Last autumn, many more HDP members were accused in connection with the Kobanê protests from 2014, and the case has now been extended to include all 108 people who were present at the HDP Central Executive Board meeting that agreed the tweets.
The Ankara 22nd Heavy Penal Court accepted an indictment on January 7 that had been filed on December 30, calling for all 108 defendants to be given life sentences without parole. Charges include 37 cases of homicide, and disrupting the unity and territorial integrity of the state.
This case, which will hold its first hearing on April 26, is also being quoted as justification for closing down the HDP. The Chief Public Prosecutor of the Court of Cassation submitted an indictment to the Constitutional Court on March 17, calling for the closure of the party, and for 687 HDP members to be banned from political activity for five years. This was a response to repeated and virulent demands by MHP leader Devlet Bahçeli.
The indictment was thrown together so shoddily — a reflection of its political rather than legal origins — that it even included people who are no longer alive. Currently it has been sent back for redrafting, with the criticism that, as it stands, it fails to make a case for a causal link between the HDP’s actions and what they are being accused of. If the Kobanê case finds against the HDP, it will be used as evidence of that link.
European Court of Human Rights ruling
Demirtaș has appealed his detention to the European Court of Human Rights in Strasbourg, and the case was heard by the Grand Chamber on December 22. The judgement can be viewed online and provides a clear rundown of events.
A vital consideration for the court was whether, at the time of his pre-trial detention, there were “facts or information that could satisfy an objective observer that he had committed the alleged offences”.
In concluding that there were not — and that Demirtaș should be immediately released — the judges made clear that the tweets “cannot be construed as a call for violence”, and that “The acts of violence that took place between 6 and 8 October 2014, regrettable though they were, cannot be seen as a direct consequence of the tweets in question.” (Paragraph 327)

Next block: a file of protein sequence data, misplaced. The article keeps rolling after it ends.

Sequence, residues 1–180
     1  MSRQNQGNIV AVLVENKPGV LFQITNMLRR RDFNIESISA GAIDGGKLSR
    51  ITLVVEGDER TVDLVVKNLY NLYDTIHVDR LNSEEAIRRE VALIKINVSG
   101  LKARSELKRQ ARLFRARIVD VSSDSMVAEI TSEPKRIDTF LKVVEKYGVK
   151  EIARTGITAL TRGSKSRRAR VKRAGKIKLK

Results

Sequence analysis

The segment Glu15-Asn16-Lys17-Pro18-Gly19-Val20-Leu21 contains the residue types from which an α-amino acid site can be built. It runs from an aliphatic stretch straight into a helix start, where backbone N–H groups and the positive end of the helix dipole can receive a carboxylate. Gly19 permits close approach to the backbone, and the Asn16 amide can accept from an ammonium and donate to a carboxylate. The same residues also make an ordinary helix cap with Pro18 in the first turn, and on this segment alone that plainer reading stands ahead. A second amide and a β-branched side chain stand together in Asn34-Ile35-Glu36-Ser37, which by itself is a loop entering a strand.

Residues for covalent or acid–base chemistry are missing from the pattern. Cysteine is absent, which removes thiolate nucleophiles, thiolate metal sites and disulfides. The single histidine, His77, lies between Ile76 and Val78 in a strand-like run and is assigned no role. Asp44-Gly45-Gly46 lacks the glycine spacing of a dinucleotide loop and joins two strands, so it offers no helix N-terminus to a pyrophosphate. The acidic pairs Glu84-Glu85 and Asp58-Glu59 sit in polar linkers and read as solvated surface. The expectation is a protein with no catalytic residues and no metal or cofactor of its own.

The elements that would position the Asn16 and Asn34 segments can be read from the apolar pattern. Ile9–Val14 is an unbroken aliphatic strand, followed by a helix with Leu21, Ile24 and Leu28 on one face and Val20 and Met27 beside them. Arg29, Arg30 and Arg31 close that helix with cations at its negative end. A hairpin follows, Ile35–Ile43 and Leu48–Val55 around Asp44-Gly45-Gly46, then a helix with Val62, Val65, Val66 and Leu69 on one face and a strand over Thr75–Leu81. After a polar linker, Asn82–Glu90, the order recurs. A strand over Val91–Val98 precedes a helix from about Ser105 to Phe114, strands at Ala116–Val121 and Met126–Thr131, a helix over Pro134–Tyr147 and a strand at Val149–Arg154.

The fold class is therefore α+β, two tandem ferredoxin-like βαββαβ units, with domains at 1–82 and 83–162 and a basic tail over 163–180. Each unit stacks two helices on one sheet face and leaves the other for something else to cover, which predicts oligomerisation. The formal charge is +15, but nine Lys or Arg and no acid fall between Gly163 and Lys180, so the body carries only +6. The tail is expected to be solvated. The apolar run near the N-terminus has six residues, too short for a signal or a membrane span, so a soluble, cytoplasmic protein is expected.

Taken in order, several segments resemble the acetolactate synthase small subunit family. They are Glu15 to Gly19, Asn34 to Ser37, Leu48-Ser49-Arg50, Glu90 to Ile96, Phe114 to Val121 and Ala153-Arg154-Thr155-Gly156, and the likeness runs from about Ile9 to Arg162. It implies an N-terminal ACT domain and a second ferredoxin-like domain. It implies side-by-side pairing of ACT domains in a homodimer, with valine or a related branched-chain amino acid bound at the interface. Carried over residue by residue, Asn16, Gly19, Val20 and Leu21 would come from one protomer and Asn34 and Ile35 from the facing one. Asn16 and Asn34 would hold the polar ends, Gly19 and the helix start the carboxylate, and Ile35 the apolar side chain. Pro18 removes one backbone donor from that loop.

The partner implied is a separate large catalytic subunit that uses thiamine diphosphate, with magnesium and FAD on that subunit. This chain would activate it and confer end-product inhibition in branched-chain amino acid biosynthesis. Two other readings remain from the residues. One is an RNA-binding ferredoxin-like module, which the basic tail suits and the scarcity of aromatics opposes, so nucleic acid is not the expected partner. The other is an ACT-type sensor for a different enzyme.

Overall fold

The court also found that other evidence against Demirtaș — from political speeches and participation in “lawful meetings” — similarly provided no clear link with the offences for which he was detained. They concluded: “Not only were the charges against the applicant based essentially on facts that could not be reasonably considered criminal conduct under domestic law, they related mainly to the exercise by him of his Convention rights.” (Paragraph 339)
The court further concluded that the case was not only baseless, but politically motivated: “Court finds that it has been established beyond reasonable doubt that the applicant’s detention, especially during two crucial campaigns relating to the referendum and the presidential election, pursued the ulterior purpose of stifling pluralism and limiting freedom of political debate, which is at the very core of the concept of a democratic society.” (Paragraph 437)
Turkey’s expansion of the Kobanê case, just eight days after this ruling, is another example of their disregard for the international laws they have signed up to. The European Court’s conclusions can and should be extrapolated to the whole Kobanê case.
And what of Kobanê?
Kobanê has been rebuilt and is enjoying its freedom as part of the Autonomous Administration of North and East Syria. But, in case anyone was in any doubt about Erdoğan’s attitudes towards Kurdish freedom and far-right Islamism, he has made no secret of Turkey’s desire to invade and occupy the city, using the jihadist mercenaries that have already brought a regime of brutality to the Turkish-occupied areas in Afrîn, SerêKaniyê and GirêSpî.
The only thing that holds them back is the ceasefire overseen by Russia, which will only act as a deterrent so long as it serves Russia’s interests. Life for the residents who still remain in the Turkish-occupied lands has been compared to that under ISIS — which is unsurprising, as the militias that control them include many former ISIS fighters.